The Desegregation of Southampton County, Virginia Schools 1954-1970

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Virginia Tech

The struggle to achieve integration of public schools in Southampton County, Virginia, has been an ongoing process that has occurred through the years since the Brown v. Board of Education, 347 U.S. 483, 493, 74 S.Ct. 686, 691 (1954) and Brown v. Board of Education, 349 U.S. 294, 75 S.Ciit. 753 (1955), and Green v. County School Board of New Kent County, Virginia, 391 U.S. 430, 88 S.Ct. 1689, 20 L.Ed.2d 716 (1968). The time frame of 1954 until 1970 is particularly significant because of happenings that took place prior to the time that Judge Robert R. Merhige, federal judge of the Fourth Circuit Court of Appeals, ruled that all school divisions which operated dual school systems for Black and White students must fully integrate. Through the use of acceptable methods of historical research including personal interviews to record the oral history, school board minutes, personal correspondence, newspaper articles, books, and other such materials available to the writer, this dissertation records information regarding the desegregation of Southampton County Schools. The purpose of this study is to examine the roles of individuals and groups in the desegregation process that took place in the public schools of this rural, southside Virginia county during the years of 1954 to 1969. This study will provide a greater understanding of leadership, local governance, racial, and social class concerns of Southampton County citizens, as well as, a documentation of an important part of the history of Southampton County, Virginia.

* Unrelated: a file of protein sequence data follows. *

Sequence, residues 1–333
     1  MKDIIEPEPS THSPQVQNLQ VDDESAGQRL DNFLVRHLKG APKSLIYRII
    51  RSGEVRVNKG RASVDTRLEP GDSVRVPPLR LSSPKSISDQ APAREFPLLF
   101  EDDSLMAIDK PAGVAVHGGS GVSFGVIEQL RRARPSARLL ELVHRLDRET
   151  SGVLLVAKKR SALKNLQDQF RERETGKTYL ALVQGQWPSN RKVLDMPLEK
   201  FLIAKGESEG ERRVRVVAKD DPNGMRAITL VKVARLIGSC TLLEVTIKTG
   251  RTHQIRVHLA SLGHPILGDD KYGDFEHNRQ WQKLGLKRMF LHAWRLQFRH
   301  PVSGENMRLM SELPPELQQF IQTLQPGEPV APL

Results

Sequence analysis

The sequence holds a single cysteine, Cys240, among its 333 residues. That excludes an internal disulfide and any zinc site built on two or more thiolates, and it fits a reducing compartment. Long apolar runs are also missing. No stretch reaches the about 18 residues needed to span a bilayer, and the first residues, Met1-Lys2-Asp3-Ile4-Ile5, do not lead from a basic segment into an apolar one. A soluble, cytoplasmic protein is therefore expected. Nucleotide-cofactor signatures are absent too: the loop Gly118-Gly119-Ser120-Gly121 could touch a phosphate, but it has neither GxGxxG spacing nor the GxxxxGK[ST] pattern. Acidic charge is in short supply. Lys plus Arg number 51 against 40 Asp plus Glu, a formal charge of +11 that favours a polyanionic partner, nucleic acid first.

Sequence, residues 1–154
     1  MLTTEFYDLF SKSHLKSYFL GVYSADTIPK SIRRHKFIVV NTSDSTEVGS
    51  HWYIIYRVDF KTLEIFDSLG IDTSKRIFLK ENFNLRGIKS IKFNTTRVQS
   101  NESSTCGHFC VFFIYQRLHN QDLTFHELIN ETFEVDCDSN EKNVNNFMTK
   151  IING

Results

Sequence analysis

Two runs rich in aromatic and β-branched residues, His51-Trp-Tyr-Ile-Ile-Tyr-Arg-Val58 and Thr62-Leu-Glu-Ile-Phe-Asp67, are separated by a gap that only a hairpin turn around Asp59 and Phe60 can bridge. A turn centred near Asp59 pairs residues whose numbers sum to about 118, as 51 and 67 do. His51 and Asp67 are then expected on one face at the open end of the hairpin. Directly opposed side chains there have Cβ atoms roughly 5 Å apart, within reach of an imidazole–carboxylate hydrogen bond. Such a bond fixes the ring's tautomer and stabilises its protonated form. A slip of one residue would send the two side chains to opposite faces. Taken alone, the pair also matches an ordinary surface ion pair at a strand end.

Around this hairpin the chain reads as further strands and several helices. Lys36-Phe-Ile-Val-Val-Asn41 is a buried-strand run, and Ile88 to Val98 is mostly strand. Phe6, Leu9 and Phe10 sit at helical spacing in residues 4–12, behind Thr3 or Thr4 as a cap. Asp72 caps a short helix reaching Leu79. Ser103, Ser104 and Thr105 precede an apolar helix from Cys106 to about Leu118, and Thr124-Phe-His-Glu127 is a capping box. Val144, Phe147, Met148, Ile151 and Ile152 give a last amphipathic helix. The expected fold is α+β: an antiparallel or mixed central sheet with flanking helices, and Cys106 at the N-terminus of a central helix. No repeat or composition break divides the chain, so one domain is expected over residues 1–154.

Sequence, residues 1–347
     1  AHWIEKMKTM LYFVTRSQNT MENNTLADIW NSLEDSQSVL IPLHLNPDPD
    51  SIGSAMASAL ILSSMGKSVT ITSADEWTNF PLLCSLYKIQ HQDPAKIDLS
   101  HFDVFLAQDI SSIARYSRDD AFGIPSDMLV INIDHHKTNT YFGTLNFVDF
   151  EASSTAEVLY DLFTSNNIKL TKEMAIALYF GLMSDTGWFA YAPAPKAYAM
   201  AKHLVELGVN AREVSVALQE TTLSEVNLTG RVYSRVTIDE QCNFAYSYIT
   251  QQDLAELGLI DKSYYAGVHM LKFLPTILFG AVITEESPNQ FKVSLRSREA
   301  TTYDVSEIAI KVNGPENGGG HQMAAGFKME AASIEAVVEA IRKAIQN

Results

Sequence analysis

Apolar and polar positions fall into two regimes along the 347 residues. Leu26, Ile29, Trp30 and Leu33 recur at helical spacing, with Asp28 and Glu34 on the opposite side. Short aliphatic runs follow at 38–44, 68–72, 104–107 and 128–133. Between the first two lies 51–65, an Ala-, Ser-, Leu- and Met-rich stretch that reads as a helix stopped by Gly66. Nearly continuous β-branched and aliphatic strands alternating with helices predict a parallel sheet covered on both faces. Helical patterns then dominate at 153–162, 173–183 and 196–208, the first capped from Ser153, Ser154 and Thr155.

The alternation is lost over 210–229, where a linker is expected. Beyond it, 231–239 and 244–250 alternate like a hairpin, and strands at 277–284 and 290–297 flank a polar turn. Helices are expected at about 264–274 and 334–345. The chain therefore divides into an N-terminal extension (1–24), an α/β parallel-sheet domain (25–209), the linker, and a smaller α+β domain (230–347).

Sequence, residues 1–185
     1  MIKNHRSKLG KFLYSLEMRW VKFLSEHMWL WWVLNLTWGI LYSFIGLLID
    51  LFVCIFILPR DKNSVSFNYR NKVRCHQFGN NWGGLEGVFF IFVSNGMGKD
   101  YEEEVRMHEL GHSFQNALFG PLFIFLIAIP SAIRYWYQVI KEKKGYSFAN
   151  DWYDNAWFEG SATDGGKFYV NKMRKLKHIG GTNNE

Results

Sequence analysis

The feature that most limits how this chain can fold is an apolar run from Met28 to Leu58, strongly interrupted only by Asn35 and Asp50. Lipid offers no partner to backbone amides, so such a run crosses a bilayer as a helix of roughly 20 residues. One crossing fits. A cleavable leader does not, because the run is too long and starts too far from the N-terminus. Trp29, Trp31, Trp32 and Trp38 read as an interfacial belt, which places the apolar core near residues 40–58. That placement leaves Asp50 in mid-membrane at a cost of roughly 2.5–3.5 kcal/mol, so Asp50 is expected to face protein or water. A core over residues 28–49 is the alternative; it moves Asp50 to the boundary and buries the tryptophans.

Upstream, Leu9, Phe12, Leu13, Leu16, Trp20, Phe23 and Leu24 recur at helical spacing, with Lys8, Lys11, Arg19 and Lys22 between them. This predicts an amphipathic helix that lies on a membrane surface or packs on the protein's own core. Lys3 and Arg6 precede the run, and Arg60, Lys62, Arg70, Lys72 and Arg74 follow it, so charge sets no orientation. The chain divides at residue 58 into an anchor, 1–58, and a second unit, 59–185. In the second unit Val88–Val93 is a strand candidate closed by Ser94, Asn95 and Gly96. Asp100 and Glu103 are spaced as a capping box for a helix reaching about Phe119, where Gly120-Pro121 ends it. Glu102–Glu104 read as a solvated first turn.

segregation, massive resistance, desegregation